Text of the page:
I know, I know. Another crossover? This time with Twilight? Well, what can I say? I can't help it if I have way too many ideas. I blame summer and the fact that there aren't many Glee/Twilight crossovers out there!
Spoilers: Goes AU for Glee during Silly Love Songs, set during New Moon for Twilight.
Warnings: Slash, character death (obvious from the summary), and... that's it!
To Fix You
And the tears come streaming down your face
When you lose something you can't replace
When you love someone, but it goes to waste
Could it be worse?
Lights will guide you home
And ignite your bones
And I will try to fix you
—Coldplay, Fix You
The folder sat untouched on top of his father's desk. Kurt slid one finger across the top of it. It hadn't been too long ago when his dad had insisted that they make these plans just in case.
"Look," his dad had said when Kurt protested. "I'm not sayin' it's going to happen any time soon or anything. I'm just saying that if it does—if it does," he repeated louder when Kurt tried to talk over him, "you'll be prepared."
And so they had gone through everything. Mortgage papers for both the house and the garage, life insurance policies, funeral arrangements, his will, and lastly guardianship papers.
"I have an aunt," Kurt had repeated weakly, looking at the paperwork. "Why haven't I ever met her?"
His dad had shuffled around before finally sighing. "Well, your grandparents and her didn't get along much. They didn't agree with her, ah, lifestyle choices, and she left home when she was still in high school. Your mom was just a kid then. They kept in touch when she got older, mostly by letters. She came out a few times after we got married, but I wasn't…" he sighed once more. "You have to understand that I wasn't as open-minded back then as I am now. I'm not proud of how I treated her, and I've tried to make amends for what I did but sometimes there's just too much hurt."
Kurt hadn't thought anything else about the funeral arrangements or his aunt after that afternoon. It had been too difficult to think about at the time, only weeks after his dad's first heart attack. Plus with things escalating at school with Karofsky and then his transfer to Dalton, it was no surprise that contacting his aunt had escaped his mind.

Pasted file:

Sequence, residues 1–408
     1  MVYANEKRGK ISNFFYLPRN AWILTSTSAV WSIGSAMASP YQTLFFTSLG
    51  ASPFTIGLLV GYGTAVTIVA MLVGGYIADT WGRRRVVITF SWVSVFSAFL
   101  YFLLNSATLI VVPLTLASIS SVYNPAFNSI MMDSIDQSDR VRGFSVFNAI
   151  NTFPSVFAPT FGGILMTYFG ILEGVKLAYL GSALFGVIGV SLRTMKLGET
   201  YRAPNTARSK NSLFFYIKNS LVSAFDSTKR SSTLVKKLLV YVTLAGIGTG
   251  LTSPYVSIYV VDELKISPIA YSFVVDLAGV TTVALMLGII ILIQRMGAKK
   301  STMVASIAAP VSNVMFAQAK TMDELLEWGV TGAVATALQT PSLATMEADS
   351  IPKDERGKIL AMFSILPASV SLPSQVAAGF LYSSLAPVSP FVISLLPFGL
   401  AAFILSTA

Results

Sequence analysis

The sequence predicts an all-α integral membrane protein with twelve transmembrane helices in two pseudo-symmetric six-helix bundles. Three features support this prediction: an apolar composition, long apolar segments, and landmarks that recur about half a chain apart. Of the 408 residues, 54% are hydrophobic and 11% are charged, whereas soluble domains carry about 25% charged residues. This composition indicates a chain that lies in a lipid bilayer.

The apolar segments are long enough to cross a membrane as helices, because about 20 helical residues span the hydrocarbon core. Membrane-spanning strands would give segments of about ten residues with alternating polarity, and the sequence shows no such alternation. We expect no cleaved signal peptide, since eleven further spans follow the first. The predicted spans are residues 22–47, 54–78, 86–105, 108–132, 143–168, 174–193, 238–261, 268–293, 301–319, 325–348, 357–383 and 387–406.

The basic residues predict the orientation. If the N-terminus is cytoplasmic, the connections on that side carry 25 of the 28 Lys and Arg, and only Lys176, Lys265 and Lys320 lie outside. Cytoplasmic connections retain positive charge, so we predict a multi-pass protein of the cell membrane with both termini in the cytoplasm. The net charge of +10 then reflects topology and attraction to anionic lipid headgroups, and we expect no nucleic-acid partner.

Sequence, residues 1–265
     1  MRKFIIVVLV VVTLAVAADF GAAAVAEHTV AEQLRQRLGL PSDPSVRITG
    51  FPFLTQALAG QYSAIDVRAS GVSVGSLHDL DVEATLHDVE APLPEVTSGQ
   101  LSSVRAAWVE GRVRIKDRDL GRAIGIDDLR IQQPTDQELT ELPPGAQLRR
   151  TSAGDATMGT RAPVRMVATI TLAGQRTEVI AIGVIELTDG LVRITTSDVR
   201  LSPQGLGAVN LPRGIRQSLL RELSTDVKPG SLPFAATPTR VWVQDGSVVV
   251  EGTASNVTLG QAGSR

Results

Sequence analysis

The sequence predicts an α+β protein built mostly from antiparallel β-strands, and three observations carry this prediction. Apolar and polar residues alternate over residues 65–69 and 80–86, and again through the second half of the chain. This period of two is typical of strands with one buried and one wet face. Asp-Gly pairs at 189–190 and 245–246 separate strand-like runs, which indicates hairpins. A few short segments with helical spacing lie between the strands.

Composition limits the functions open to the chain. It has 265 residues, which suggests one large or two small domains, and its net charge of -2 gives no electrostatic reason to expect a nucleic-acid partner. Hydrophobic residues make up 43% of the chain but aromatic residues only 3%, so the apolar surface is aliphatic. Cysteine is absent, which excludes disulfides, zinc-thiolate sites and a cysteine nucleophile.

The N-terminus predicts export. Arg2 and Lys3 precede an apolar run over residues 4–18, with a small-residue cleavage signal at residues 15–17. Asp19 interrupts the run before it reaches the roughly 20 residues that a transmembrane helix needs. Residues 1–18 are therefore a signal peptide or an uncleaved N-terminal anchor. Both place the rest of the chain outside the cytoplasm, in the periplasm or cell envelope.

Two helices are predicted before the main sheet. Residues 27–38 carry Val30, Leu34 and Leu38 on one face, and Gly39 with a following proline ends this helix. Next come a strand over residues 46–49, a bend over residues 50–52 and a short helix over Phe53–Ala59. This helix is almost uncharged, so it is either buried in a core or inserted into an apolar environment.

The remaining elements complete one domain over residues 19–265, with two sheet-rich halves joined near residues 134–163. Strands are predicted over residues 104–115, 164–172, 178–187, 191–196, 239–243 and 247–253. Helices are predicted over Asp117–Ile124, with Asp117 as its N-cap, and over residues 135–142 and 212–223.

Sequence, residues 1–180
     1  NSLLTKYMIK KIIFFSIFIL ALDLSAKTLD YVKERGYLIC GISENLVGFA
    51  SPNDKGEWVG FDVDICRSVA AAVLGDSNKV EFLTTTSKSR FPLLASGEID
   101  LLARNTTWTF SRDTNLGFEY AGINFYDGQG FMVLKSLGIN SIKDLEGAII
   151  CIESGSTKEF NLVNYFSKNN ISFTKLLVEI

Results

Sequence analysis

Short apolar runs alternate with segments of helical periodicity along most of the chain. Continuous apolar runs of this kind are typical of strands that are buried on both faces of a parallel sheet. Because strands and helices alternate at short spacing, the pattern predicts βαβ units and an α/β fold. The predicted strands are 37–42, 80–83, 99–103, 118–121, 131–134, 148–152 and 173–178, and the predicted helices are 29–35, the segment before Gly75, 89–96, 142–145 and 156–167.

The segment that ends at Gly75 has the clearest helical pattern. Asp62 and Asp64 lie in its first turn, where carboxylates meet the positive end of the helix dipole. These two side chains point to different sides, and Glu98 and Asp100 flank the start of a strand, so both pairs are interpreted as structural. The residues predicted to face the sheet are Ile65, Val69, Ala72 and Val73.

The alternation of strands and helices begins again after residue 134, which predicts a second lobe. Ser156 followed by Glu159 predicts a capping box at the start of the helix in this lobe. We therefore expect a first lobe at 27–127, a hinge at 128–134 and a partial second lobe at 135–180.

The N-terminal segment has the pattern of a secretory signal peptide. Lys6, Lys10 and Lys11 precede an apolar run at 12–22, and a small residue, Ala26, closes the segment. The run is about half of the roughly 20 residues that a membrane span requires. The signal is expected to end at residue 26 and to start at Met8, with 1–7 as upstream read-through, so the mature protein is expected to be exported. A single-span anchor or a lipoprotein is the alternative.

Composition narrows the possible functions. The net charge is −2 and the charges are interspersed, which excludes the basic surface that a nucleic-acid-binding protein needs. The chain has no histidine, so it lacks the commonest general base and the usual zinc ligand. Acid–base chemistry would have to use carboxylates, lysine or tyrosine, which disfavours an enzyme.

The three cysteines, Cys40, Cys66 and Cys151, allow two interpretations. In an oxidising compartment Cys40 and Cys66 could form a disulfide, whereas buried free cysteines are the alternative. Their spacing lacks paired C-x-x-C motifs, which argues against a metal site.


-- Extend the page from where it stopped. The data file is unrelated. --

And yet, only five months later, there he was, staring at the folder. It was hard to believe that his entire world had fallen apart in only a matter of days. Just a handful of days ago, he had been planning the Lonely Hearts Club Dinner and thinking that nothing would ever hurt worse than thinking Blaine had liked him only to find out that he didn't. Now he knew better.
His friends, who had swarmed the hospital just earlier that day, were nowhere to be found. Not because they wanted to leave him alone—because they didn't, most emphatically didn't—but because he had refused to let them in. He had had enough sympathetic looks and words of encouragement for one day, and he wasn't sure he could take anymore. All he wanted to do was to call his aunt and then sleep.
Tears stung his eyes, but he blinked them away furiously, ignoring them. If he started crying now, he wasn't sure that he would ever stop. He took a deep breath and flipped open the folder until he got to the sheet regarding the guardianship. He read both his aunt's name and number several times, committing it to memory before closing the folder. He pushed it away from him, not even wanting it within his reach. He dialed the number and counted to ten before putting the phone against his ear.
It rang three times before someone answered—a woman who sounded so much like his mom that Kurt's breath hitched in his chest. .
"Hello?" the woman repeated.
Kurt cleared his throat. "May I speak with Mildred—Mildred Cox?"
When the woman spoke again, her voice was guarded. "You already are. Who's this?"
"Kurt. Kurt Hummel."
There was a long pause, so long, in fact, that Kurt checked to see if the call had disconnected. He was about to just hang up and try again when he heard a whoosh of air through the line. "Call me Millie, will you? Mildred is some hundred and eight year old woman."
"Millie," Kurt repeated obligingly.
"Perfect. Now, then, not that it isn't absolutely wonderful to hear from you—because it is—but I assume you didn't call just to chat me up."